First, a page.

TERM 2 (Optional)
JPLM900 Journeyman Plumbing- $800

SUPV 900 Supervisory Management- $500
(SUPV900 is available for Plant/Plumbing Supervisors)
CPM 903 Professional Development Seminar- $100

i PREREQUISITE: Students should have working knowledge and skills in the following areas: interpretation of codes, disposal and drainage

systems, storm drainage disposal systems, installation of sanitary fixtures, basic drawings to scale, water supply and distribution, use of

: materials and tools, repairs and maintenance.
: Begins: Fall

? MASTER PLUMBING LICENSE -

: The Master Plumbing course is designed to assist students preparing to write the Master Plumbing Examination. Students should have above

Day/Time: Tuesdays 6pm - 9pm Duration: 2 TERMS

Od.
nan
wil
average knowledge and skills in the following areas: interpretation of codes, disposal and drainage systems, storm drainage disposal systems, :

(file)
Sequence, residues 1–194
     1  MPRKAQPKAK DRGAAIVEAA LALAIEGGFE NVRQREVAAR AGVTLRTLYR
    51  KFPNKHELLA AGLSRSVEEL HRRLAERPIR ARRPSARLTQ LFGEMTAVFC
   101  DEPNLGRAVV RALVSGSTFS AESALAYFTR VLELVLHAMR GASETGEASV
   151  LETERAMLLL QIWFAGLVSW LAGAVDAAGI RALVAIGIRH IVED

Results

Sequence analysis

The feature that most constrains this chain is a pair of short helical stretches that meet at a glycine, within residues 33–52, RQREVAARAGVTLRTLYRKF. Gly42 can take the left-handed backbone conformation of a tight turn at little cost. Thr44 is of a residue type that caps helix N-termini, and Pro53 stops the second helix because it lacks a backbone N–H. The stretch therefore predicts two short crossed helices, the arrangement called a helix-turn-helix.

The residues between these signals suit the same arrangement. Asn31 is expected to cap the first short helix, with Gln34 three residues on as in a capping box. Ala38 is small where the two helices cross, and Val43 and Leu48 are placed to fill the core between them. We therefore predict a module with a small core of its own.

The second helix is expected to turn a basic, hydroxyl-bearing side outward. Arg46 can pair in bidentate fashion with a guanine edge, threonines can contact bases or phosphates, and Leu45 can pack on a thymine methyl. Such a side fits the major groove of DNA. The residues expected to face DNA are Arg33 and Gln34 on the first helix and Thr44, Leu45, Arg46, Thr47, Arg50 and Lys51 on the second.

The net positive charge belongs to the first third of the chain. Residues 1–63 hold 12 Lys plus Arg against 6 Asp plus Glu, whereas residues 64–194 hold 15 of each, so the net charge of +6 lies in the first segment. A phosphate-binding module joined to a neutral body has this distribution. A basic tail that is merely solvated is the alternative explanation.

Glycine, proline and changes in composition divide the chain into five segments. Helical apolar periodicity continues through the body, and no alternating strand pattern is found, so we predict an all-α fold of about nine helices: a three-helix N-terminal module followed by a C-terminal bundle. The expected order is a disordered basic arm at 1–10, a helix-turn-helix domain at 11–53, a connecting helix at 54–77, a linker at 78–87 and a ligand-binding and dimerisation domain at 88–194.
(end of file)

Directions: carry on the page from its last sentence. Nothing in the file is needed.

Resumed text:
installation. of sanitary fixtures, basic drawings to scale, water supply and distribution, use of materials and tools, repairs and maintenance.
Special emphasis will be placed o plant management and foreman responsibilities.

TERM 2 (Optional)

CPM 903 Professional Development Seminar- $100

SUPV 900 Supervisory Management- $500

ETHC900 Ethics and Prof. Responsibility- $250
(SUPV900 is available for Plant/Plumbing Supervisors)

ok

sea!

ae

“Duration: | TERM
MANAGERIAL ACCOUNTING FOR NON-FINANCIAL MANAGERS

Day/Time: Tuesdays 6pm - 9pm â„¢

: This course is designed to strengthen the candidates’ understanding of managerial accounting. Managerial accounting concepts, principles
? and functions are the main topics covered. The ability to prepare and accurately read a financial statement/spreadsheet is an essential skill
? for all professionals and paraprofessional; CPS901 covers in a very student friendly way, easy to understand examples that aid the students’

learning experience. This course also helps to prepare candidates to write external examinations.

? CPS 901 Accounts- $300

? PREREQUISITE: None os ATE Tale
? BEGINS: Perdemand . Day/Time: Sat/Thurs/Tue. 8am-12:15pm OR - 6pm - 9pm Duration: 10 Weeks sre ; a e
aught

Day/Time: Sat. 8am-12noon OR Thurs/Tue- 6pm - 9pm Duration: 8 Weeks

‘ ‘yt RED
Day We FEE

HDC

1s,







to successfully write position and research papers. ;